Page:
Welcome to Chapter 1 of the group book study "Do Hard Things". I get this whole study of the official site, http://www.therebelution.com. Have no idea what this study's about? You might want to click on this link Here -- it will explain everything. Well, at least as much as everyone else knows! :)
Before you read the questions, remember -- 1) This is not supposed to seem like school! 2) You do not have to answer all the questions; it's your choice! 3) If you find this study boring, please tell me -- in a nice way, of course (:P) why you don't like it/how you think it could be better -- and I'll get right to work!
Oh, I just thought of something now -- if you have the book, once you've read chapter one, it would be good if you could enter some of your own questions, for others to answer, to give this study more variety :D
Now, let's get started.
“We believe our generation is ready to rethink what teens are capable of doing and becoming.” With that statement, the authors set the stage for a discussion about doing things differently. Then they identify the unique angle of Do Hard Things: instead of being a book where adults tell teens how to change, it’s a conversation among teens who are ready to lead the way. Alex and Brett talk briefly about their background and reasons for writing the book. They want teens to rebel against low expectations and reclaim the full potential of their teen years."
Questions for Discussion or Reflection:
1) As you read the inside flaps of the book and the first chapter, how did you react to the authors’ talk about change, hard things, and “rebelution”?
2)Usually we try to look to older (hopefully wiser) people for life advice. Do you see any risks when teenagers—in this case, two nineteen year olds—try to persuade other young people to change how they think? On the other hand, what might be some advantages to the authors’ age?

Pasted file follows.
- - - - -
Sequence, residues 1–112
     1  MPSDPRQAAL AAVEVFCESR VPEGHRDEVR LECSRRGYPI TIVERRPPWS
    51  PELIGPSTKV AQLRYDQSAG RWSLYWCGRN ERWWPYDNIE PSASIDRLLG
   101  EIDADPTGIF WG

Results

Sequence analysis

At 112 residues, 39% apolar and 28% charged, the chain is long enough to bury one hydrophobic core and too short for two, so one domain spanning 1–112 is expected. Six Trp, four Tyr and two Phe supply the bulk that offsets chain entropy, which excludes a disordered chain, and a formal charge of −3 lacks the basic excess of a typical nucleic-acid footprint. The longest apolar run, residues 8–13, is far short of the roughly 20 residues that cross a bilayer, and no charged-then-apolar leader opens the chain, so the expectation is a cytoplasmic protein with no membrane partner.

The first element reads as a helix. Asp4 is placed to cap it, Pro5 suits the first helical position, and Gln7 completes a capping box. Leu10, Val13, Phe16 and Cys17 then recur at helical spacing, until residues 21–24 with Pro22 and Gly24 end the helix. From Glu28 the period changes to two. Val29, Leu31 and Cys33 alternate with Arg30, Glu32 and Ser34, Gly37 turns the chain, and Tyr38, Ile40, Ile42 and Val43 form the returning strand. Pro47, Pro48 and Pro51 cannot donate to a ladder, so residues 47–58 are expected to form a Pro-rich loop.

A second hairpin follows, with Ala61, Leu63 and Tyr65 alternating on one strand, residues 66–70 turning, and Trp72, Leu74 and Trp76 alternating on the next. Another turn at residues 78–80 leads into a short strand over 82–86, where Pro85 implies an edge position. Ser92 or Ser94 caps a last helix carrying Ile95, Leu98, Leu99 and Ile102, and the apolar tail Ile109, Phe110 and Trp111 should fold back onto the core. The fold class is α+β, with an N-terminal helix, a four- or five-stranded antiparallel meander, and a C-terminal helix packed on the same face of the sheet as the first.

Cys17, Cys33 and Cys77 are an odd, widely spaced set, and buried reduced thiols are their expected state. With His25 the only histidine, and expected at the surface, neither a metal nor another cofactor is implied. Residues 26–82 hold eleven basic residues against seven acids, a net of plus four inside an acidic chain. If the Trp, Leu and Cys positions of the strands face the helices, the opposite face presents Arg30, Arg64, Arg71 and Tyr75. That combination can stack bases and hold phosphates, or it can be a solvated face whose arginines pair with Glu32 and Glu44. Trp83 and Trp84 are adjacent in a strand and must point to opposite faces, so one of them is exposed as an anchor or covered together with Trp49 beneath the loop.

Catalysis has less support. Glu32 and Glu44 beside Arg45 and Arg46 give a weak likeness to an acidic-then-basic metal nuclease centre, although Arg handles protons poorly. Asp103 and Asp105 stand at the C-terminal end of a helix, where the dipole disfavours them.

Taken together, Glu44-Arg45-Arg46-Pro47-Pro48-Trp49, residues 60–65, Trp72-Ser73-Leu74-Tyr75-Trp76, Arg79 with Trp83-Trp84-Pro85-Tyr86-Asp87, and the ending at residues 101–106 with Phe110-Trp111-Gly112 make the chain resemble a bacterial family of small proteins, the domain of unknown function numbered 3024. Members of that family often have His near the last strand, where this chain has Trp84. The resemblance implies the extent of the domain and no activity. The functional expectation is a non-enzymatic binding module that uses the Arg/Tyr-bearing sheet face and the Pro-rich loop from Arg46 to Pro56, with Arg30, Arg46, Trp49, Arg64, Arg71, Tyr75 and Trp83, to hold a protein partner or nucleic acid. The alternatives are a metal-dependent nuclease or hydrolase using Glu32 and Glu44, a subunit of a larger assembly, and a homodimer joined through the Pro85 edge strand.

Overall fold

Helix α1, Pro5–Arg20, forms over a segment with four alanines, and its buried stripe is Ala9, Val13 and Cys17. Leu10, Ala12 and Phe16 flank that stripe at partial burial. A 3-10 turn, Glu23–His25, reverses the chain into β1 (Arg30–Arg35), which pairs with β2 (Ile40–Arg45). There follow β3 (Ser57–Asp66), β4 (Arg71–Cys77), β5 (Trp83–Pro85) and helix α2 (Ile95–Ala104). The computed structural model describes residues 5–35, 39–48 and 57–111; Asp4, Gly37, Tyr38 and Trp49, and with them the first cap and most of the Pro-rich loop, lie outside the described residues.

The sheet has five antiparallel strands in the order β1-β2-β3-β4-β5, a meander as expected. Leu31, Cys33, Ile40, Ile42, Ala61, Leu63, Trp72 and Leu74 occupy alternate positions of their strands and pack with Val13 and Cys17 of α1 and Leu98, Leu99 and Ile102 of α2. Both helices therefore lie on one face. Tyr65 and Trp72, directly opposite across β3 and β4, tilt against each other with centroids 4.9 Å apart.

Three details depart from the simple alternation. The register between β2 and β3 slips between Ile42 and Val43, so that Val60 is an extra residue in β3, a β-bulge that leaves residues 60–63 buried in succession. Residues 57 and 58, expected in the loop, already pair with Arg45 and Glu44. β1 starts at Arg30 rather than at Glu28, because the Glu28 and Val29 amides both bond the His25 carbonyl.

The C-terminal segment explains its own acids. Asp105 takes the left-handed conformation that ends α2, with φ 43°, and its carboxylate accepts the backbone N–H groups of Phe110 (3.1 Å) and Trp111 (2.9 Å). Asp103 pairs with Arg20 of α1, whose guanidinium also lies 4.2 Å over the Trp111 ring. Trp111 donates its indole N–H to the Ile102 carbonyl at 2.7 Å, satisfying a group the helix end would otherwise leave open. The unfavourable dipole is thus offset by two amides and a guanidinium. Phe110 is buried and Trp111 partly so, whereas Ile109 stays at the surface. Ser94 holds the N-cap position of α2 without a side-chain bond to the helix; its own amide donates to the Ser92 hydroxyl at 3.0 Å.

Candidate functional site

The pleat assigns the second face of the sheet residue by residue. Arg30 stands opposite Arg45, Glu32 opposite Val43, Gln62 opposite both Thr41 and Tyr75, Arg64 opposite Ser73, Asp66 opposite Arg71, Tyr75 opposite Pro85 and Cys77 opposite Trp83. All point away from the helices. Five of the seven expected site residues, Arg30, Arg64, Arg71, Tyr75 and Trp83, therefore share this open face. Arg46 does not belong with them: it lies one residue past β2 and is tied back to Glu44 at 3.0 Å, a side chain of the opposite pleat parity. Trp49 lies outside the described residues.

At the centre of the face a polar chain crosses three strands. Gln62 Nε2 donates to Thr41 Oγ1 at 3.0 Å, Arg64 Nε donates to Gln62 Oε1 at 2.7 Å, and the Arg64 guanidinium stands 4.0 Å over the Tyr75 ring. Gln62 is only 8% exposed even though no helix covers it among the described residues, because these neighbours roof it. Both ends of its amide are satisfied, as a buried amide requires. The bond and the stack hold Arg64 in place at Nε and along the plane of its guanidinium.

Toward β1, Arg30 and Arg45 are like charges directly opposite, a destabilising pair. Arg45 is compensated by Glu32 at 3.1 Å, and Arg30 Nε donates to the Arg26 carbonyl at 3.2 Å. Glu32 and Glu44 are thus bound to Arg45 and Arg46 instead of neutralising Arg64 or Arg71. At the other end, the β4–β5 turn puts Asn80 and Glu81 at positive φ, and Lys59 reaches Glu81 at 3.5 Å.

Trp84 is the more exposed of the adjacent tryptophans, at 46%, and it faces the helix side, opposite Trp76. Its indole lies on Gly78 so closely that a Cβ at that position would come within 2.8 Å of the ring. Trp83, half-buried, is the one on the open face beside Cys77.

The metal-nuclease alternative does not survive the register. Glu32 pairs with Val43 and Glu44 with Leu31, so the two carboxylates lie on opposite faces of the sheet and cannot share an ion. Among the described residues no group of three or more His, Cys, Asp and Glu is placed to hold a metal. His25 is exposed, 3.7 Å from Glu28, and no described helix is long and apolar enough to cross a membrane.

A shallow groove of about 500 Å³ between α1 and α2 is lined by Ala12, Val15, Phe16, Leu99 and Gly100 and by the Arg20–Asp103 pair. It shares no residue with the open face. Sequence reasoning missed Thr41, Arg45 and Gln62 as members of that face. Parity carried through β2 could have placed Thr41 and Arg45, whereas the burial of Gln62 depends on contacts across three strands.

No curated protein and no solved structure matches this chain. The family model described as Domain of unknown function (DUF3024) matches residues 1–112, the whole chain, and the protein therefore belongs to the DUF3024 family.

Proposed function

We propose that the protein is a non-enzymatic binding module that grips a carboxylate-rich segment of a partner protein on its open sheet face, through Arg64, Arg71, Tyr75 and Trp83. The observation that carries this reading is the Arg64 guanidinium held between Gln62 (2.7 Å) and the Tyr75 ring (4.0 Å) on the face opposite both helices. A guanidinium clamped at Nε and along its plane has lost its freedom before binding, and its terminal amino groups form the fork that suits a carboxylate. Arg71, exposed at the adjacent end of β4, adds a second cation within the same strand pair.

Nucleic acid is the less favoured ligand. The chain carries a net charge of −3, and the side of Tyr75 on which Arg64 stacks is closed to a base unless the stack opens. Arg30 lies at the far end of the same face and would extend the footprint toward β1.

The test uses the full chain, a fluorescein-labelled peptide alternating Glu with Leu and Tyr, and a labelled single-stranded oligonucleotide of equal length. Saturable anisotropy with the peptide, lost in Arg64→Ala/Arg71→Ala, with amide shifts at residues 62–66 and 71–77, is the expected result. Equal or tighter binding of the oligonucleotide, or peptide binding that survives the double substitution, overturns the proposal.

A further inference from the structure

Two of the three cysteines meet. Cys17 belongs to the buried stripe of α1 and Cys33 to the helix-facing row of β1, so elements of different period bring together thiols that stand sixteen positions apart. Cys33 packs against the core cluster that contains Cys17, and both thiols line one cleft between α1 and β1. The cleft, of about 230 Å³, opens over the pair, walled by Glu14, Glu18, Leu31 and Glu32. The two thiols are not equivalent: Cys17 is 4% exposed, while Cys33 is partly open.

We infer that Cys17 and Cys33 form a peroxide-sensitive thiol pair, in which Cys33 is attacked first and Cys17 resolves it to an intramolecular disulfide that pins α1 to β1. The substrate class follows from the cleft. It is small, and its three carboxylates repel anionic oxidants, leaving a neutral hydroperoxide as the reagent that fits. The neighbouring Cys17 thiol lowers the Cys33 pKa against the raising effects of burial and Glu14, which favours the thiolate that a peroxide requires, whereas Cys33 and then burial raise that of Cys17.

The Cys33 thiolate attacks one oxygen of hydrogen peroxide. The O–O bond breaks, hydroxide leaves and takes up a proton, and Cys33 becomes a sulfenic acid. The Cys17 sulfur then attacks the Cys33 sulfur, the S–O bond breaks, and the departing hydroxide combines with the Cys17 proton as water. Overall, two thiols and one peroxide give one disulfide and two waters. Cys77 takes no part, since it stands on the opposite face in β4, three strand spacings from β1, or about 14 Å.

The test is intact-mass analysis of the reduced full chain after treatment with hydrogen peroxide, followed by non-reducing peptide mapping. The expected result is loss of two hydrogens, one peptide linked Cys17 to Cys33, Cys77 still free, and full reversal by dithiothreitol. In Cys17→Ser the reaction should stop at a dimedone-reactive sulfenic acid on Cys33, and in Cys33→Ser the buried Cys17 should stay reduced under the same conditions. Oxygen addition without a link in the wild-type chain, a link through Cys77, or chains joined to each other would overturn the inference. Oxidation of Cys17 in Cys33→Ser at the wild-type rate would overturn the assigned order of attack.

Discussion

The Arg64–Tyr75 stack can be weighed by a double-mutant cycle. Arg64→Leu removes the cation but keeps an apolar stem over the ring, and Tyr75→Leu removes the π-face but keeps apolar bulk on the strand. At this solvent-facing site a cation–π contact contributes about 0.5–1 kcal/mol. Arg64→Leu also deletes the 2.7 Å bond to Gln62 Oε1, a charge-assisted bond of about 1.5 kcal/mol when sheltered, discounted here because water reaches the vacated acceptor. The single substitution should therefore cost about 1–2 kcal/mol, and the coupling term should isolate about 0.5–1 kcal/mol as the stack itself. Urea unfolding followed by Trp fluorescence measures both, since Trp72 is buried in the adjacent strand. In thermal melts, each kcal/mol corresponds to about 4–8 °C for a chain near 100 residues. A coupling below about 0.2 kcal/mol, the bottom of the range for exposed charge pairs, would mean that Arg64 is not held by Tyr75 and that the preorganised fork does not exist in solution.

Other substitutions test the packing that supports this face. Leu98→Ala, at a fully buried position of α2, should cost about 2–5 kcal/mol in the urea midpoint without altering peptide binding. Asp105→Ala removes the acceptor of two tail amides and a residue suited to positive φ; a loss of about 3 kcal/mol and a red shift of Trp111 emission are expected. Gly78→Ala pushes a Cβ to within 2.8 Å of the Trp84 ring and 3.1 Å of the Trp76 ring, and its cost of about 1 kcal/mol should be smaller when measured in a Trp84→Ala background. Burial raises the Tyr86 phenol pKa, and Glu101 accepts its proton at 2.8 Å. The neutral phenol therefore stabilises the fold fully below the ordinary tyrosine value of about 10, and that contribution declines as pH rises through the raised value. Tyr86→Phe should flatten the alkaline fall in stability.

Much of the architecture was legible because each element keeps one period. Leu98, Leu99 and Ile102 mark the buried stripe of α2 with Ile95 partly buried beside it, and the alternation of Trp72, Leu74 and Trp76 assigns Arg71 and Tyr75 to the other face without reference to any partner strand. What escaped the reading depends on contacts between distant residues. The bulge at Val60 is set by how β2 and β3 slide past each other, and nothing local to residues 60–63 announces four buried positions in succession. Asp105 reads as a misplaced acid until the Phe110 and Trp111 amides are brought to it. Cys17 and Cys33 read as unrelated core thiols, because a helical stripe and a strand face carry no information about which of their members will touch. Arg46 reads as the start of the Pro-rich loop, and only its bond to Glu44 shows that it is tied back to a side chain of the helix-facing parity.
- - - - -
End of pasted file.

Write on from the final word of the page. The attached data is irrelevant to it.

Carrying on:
3)“We don’t think ‘average teenagers’ exist,” write the twins. Do you feel average? If so, why? Does that ever feel like a good thing? If not, what is it that makes you feel not average?
4)The fictional Dundress monks were well intentioned but unhappy Christians who believed that more misery must mean more holiness. Have you ever thought that? Where do you think that kind of thinking comes from?
5)In what ways do you think popular culture misrepresents what the teen years are for? Can you think of one thing that would change if you and your friends believed—really believed—that low expectations were ripping you off?
Well, that's the first Chapter -- now read this part.
Send me your questions for other to answer either by commenting on the post or sending an email to girlz4god.G4G@hotmail.com -- and it will be in Thursday's "Do Hard Things" post. :)